World's top atom-smasher ready to rumble

27th April 2007, Comments 0 comments

GENEVA, April 26, 2007 (AFP) - The final piece in the world's greatest particle accelerator in a 27-kilometre (43-foot) circular tunnel 100 metres under the French-Swiss border was put into place on Thursday, organisers said.

GENEVA, April 26, 2007 (AFP) - The final piece in the world's greatest particle accelerator in a 27-kilometre (43-foot) circular tunnel 100 metres under the French-Swiss border was put into place on Thursday, organisers said.

Scientists installed the final magnet in the so-called Large Hadron Collider (LHC), a project organised by the European Organization for Nuclear Research CERN where subatomic particles will collide at close to the speed of light.

The LHC, assembled over 15 years and involving more than 10,000 physicists and 500 research bodies and firms around the world, will be operational from November and may help unlock the final secrets on sub-atomic particles.

The project "could be the most ambitious scientific undertaking ever," and its results "will probably change our fundamental knowledge of the universe," its organisers say.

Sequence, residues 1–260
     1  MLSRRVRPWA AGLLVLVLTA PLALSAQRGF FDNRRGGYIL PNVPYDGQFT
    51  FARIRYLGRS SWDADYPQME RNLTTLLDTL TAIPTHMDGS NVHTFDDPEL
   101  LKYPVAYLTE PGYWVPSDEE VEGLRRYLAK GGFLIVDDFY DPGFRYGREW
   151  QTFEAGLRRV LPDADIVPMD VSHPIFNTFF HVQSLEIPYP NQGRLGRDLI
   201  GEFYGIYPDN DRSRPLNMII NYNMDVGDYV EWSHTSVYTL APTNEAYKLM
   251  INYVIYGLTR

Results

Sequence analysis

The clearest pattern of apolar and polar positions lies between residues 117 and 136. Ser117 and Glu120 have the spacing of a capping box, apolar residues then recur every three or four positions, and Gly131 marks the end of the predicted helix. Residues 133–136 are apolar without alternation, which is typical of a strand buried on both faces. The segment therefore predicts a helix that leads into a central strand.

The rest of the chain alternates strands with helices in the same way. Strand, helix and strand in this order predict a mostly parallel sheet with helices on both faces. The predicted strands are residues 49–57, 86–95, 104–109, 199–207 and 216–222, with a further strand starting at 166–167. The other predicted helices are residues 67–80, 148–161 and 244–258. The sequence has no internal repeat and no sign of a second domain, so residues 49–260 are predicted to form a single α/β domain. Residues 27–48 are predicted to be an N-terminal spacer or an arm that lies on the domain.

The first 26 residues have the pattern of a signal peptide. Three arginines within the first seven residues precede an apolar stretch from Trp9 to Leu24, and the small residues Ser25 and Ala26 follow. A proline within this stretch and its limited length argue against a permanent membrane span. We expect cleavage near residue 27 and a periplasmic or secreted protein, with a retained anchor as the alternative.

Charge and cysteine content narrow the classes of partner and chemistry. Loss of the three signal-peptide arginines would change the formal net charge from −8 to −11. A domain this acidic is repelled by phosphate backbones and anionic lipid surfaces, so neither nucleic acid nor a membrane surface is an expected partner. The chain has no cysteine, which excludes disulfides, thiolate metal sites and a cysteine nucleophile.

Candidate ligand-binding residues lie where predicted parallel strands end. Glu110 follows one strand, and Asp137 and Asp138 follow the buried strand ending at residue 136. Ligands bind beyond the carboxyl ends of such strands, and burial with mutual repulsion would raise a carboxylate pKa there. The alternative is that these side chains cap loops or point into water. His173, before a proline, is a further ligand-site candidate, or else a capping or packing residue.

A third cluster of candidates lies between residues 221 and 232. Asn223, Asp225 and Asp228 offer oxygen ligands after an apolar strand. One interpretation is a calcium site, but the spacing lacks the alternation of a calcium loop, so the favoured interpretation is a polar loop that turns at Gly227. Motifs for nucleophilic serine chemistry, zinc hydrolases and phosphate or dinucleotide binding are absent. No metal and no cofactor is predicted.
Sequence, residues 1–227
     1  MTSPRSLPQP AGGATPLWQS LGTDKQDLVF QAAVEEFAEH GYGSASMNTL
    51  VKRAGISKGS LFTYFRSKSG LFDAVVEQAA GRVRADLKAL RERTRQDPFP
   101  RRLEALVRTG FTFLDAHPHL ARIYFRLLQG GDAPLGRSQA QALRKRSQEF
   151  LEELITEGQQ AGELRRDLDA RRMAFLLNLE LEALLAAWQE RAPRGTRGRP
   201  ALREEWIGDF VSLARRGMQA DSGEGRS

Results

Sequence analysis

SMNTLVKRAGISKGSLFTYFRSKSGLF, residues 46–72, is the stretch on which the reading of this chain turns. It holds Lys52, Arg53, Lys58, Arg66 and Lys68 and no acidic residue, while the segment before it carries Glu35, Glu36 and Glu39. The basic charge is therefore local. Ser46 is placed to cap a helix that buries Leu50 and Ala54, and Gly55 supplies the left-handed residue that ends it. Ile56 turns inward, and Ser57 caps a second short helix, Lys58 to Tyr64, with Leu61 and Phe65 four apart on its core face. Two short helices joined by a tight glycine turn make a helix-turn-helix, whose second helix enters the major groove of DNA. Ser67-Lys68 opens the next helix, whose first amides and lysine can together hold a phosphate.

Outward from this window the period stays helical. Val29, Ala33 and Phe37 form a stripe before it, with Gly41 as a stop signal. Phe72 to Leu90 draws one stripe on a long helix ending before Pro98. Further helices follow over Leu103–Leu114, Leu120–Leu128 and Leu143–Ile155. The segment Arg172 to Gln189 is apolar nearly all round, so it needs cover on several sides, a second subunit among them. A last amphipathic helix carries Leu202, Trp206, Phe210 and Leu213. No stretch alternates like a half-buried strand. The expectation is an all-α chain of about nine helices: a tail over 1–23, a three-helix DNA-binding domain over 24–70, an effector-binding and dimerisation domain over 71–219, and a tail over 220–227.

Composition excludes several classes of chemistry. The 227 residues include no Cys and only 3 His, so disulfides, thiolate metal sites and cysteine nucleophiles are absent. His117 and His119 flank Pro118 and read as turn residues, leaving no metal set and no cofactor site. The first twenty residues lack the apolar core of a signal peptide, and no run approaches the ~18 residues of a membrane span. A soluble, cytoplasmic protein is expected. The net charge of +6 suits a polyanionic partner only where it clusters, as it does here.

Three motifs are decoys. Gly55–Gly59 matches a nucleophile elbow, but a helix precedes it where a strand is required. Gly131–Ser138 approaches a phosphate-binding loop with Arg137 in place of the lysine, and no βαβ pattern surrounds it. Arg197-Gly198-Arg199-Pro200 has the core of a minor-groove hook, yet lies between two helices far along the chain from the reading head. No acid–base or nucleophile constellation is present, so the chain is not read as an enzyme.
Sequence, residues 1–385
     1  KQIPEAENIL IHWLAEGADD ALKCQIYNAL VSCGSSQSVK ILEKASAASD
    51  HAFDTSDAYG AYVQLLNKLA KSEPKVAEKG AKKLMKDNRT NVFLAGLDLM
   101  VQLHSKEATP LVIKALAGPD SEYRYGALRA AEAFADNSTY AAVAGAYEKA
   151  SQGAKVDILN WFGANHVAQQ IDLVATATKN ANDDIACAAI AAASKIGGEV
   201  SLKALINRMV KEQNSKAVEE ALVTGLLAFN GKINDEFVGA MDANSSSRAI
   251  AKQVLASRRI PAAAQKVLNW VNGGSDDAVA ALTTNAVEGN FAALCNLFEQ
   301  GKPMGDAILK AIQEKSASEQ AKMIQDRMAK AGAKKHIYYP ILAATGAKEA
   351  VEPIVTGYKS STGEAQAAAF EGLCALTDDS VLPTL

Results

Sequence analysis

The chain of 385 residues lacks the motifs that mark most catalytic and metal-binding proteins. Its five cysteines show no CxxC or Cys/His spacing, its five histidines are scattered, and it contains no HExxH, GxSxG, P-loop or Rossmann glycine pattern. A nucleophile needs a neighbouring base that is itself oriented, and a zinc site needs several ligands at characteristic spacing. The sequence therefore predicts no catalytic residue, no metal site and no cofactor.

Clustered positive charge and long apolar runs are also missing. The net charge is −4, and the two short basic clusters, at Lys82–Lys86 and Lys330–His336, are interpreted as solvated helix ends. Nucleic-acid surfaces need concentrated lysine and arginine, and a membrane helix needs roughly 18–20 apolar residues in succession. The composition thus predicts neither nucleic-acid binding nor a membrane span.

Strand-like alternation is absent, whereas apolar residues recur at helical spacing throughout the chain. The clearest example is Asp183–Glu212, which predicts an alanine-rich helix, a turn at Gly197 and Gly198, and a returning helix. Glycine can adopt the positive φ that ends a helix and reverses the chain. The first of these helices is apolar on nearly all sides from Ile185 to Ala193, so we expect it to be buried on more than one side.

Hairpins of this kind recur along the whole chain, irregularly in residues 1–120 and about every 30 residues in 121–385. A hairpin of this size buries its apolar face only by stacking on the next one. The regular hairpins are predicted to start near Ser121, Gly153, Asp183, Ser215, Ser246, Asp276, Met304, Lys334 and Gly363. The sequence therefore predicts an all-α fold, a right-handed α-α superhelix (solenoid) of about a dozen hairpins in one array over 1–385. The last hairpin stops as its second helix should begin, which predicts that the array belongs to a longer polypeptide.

Scientists plan to smash together high-energy protons in two counter-rotating beams in the tunnel, just outside Geneva, to look for signatures of supersymmetry, dark matter and the origins of mass.

The beams are made up of bunches containing billions of protons which will be injected, accelerated, and kept circulating for hours, guided by thousands of powerful superconducting magnets.

Each proton goes around the 27 kilometre ring over 11,000 times a second.

The detectors will be able to see up to 600 million collision events per second, with scientists scouring the debris for signs of extremely rare events such as the creation of the Higgs boson, a suspected particle whose existence would explain mass.

"It will be like smashing two Swiss watches with complex workings against each other: afterwards we will look at the wreckage from the watches and try to understand how they were made," CERN project director Philippe Bloch said.


Copyright AFP

Subject: French news

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